#44, “The Land Beyond the Light!” is the first full-on fantasy story for Batman, as the Dynamic Duo is transported to another dimension and interfere in a war between giants and little people.  It’s all Dick Grayson’s dream in the end, but soon such stories would become a regular thing.

#50 ends this volume with “The Case of the Three Devils.”  Three circus acrobats have turned to crime using devil costumes and their ability to pull off outrageous physical stunts.  They give Batman and Robin quite a chase before the Caped Crusaders can finally corner them.  Batman’s superior use of terrain gives him the victory.

Again, lots of exciting action portrayed in a new way for 1939-40.  Some plots are overly simplistic, while others become nonsensical if you think about them too carefully, but the writing gets much better as it goes along.   There’s also an illuminating foreword by comics scholar Rick Marschall.

This is a must have for the serious Batman collector; other Batman fans should check it out at the library to see the early development of the classic characters.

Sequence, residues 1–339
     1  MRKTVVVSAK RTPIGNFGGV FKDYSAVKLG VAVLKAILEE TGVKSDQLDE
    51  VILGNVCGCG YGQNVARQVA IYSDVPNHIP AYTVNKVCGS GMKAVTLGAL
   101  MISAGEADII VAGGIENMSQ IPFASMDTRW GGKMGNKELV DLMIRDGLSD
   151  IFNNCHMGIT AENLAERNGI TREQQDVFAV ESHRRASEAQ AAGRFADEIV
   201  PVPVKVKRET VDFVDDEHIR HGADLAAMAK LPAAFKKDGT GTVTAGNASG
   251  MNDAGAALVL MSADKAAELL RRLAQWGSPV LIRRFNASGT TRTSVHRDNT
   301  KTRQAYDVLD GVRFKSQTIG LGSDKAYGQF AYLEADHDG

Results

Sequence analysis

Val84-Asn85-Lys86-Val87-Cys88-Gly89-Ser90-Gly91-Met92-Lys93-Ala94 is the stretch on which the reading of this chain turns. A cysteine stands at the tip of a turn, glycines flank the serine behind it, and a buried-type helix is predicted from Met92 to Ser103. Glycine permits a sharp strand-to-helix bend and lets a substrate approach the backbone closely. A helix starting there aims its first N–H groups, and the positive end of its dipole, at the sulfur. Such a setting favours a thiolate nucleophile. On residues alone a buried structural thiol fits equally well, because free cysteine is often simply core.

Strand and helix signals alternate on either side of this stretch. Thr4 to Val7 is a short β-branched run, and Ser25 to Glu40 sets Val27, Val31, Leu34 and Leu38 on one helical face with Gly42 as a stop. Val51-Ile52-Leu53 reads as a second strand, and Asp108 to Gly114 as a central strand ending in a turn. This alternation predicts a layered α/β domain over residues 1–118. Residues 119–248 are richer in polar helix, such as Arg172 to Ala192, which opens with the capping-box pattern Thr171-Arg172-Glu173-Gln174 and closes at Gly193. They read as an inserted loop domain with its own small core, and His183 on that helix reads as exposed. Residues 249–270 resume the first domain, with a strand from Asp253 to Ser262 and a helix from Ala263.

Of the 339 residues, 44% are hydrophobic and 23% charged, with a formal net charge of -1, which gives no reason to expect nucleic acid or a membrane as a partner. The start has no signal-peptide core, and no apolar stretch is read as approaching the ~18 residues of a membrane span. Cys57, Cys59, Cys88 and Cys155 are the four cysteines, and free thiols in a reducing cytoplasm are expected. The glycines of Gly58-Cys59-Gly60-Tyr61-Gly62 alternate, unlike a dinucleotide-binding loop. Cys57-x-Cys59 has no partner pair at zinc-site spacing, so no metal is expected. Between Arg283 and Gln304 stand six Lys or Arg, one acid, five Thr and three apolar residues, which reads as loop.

Magazine Review: Ellery Queen’s Mystery Magazine July 2016

Magazine Review: Ellery Queen’s Mystery Magazine July 2016 edited by Janet Hutchings

Frederick Dannay, who along with Manfred B. Lee wrote the Ellery Queen mystery stories, was asked by Mercury Press to be the editor of a new magazine that would print a higher class of detective stories than the general run of pulps, with the first issue of EQMM coming out in 1941.  At first it was a reprint magazine, featuring classic tales by writers like Agatha Christie and Cornell Woolrich.  But by the seventh issue, new stories began to appear, and one, “The Bow Street Runner” by Samuel Duff, was that author’s first professional sale.

Ellery Queen's Mystery Magazine July 2016